Eastern Washington wine industry has come into its own
More than 600 wineries now exist statewide
After viticulturist Wade Wolfe moved to Washington in 1978, he occasionally was asked where he thought the state’s wine industry would be in 25 years.
“I would say, ‘I think we have the potential to be the Napa Valley of the North,’” said Wolfe, who worked for the Seattle area’s Chateau Ste. Michelle at the time.
Back then, only eight wineries operated in the state and just 2,500 acres of farmland were dedicated to wine grapes, compared with about 25,000 acres of table grapes.
Today, more than 600 wineries are licensed in Washington and 30,000 acres of wine grapes grow—about the same amount of land dedicated to wine grapes in Napa.
“At some point, we will have 50,000 acres. I think that will happen in my lifetime,” said Wolfe, who is celebrated regionally as a grape grower, wine maker and teacher.
Washington’s wine industry has boomed during the last couple of decades, and the current economic woes don’t seem to be slowing it down. Since 2003, roughly one winery has opened per week, or about 50 per year, says Chris Stone, marketing director for the Washington Wine Commission.
“One year, we had almost 100 new wineries,” he said.
The bulk of these are located where the grapes are— on the eastern, drier side of the state.
“There are a lot of winery visiting opportunities in Woodinville (near Seattle), where there are about 40 wineries. They have events that draw quite a crowd, and that is fun,” Stone says. “But there’s such an allure to anyone who loves wine to get out where the grapes are grown, get out among the vineyards, and feel like you’re in wine country.”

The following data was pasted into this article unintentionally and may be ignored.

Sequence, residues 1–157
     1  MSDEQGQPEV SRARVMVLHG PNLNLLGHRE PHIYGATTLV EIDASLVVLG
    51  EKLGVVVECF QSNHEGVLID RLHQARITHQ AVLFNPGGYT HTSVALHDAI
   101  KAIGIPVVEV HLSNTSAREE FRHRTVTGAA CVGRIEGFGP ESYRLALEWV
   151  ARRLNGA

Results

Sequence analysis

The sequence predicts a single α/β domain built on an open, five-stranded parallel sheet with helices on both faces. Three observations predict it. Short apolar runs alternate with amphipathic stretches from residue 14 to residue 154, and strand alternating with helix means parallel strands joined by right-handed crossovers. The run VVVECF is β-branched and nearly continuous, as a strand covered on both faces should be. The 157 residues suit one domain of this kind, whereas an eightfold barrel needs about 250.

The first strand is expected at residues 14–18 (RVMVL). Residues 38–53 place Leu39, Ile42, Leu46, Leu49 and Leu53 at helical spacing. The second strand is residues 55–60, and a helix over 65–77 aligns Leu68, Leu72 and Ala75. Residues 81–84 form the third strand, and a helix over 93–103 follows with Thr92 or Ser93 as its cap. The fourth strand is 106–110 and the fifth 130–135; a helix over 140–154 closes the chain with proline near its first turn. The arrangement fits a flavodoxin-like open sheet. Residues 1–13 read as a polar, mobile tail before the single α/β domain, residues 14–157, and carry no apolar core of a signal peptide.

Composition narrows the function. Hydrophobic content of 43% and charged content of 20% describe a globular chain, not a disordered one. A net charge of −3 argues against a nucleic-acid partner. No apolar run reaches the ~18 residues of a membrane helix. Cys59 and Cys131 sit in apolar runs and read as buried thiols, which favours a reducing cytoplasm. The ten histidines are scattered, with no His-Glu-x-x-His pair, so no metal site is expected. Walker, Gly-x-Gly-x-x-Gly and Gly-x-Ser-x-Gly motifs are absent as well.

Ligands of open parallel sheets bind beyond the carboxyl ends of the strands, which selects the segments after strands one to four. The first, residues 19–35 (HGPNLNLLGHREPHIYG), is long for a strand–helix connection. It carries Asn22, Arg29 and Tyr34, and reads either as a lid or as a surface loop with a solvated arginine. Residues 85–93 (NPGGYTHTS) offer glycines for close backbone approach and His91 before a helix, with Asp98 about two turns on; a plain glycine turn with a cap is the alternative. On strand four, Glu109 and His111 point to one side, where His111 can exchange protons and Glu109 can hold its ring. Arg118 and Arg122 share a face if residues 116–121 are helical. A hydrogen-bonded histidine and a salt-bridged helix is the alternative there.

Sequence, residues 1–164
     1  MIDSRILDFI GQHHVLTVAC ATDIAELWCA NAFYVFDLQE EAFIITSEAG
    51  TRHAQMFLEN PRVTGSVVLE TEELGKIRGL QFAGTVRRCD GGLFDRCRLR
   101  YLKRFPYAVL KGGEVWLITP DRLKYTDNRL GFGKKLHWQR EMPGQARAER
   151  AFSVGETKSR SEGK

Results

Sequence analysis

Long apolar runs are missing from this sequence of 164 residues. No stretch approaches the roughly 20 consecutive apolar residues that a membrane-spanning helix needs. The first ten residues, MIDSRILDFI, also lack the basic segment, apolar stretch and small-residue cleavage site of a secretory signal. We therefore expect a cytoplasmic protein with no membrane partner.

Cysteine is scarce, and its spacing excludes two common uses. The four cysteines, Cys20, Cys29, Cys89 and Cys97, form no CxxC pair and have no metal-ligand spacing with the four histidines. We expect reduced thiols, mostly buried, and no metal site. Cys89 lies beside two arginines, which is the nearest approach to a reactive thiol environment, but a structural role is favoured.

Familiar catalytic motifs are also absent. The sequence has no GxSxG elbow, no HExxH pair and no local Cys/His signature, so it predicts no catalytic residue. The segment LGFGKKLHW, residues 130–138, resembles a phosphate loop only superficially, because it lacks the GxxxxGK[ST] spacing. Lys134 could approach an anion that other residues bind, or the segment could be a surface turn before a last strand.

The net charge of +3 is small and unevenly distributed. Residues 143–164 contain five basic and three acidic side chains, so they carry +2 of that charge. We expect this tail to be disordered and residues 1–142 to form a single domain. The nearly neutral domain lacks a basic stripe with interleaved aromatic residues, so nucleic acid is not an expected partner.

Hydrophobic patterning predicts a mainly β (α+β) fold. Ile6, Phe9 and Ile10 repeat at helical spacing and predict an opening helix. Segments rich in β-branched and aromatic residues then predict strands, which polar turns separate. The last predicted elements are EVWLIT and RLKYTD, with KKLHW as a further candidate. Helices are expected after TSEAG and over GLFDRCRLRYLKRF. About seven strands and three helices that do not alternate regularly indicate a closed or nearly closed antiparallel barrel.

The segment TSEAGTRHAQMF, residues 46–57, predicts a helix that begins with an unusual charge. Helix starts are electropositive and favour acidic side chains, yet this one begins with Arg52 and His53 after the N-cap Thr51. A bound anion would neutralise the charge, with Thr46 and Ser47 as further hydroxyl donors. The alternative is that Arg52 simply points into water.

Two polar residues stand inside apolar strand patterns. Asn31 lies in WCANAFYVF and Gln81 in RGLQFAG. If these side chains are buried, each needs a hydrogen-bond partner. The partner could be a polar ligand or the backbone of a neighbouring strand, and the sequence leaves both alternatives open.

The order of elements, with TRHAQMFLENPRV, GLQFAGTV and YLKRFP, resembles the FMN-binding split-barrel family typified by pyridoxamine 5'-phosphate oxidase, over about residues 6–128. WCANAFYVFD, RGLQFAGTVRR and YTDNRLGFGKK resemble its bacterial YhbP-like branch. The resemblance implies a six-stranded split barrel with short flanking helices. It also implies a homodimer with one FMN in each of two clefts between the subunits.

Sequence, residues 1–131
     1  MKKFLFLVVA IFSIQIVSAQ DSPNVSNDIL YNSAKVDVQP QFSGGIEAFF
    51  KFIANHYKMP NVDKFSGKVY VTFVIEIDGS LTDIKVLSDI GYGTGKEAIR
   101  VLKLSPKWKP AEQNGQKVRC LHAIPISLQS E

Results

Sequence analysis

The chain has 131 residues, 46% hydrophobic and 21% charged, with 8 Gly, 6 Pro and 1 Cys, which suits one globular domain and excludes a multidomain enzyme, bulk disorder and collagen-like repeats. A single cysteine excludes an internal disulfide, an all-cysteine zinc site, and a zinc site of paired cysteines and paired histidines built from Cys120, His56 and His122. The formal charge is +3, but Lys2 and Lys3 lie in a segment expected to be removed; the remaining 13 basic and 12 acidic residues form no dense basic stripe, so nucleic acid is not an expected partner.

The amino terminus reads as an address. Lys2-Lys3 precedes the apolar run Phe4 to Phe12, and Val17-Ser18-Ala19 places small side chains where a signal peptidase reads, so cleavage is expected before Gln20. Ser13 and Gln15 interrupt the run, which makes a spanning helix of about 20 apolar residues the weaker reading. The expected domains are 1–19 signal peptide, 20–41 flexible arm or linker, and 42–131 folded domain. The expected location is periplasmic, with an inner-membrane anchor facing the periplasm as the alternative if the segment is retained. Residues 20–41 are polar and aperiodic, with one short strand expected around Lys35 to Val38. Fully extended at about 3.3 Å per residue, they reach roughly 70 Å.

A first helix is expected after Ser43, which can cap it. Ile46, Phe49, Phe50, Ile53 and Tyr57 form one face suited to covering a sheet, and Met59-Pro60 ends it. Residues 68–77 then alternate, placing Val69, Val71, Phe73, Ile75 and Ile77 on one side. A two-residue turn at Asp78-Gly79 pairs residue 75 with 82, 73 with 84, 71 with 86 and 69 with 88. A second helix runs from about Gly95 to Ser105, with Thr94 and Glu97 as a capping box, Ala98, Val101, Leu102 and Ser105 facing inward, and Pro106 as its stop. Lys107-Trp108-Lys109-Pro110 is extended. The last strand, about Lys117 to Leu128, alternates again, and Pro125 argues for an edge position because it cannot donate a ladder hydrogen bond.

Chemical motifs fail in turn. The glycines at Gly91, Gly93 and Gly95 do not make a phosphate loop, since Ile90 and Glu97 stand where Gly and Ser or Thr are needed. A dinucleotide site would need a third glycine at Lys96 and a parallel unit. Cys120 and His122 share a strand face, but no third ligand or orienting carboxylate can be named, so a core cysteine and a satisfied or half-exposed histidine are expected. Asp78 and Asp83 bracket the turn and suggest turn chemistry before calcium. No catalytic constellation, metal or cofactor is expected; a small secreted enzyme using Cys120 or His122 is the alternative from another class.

That’s not to say that no grapes grow in Western Washington. Some cooler-climate grapes used for whites do well around Puget Sound. But more than 95 percent of the wine grapes grow east of the Cascades, and more than four out of five wineries are here, too.
“Walla Walla alone has about 100 wineries,” Stone says.
Wolfe, who now owns Thurston Wolfe winery in Prosser with his wife Becky Yeaman, says wine plays “an important dynamic” in Washington’s tourism industry.
“There will always be people who visit Seattle or visit the mountains to ski,” he says. “In recent history, the single biggest thing driving tourism in Washington is wine.”
Still, a lot of development is needed—more hotels, better restaurants, and secondary activities like golf—before the region can really take off, he says.
“We’re still lagging somewhat behind, but it will come,” Wolfe says, adding that again the region reminds him of Napa Valley in the 1960s and 1970s.
“When I was going to school in California, Napa had to be a day trip. There was no place to stay … you had to pack a lunch,” he said.
Two major challenges in eastern Washington are its harsh winters and the 3-hour drive between major metropolitan areas and the wine areas.
Wolfe’s advice? Plan a wine tour that lasts at least three days rather than one or two, and don’t try to cram too many visits into each day.
In the Prosser area, nine wineries have created a 15-acre “Vintners Village,” where tourists can park in one spot and then walk along paths from winery to winery. This might be a smarter strategy than trying to hit an entire wine region in a weekend, such as the entire Yakima Valley, that now has more than 50 wineries, or Benton County, which has about 30.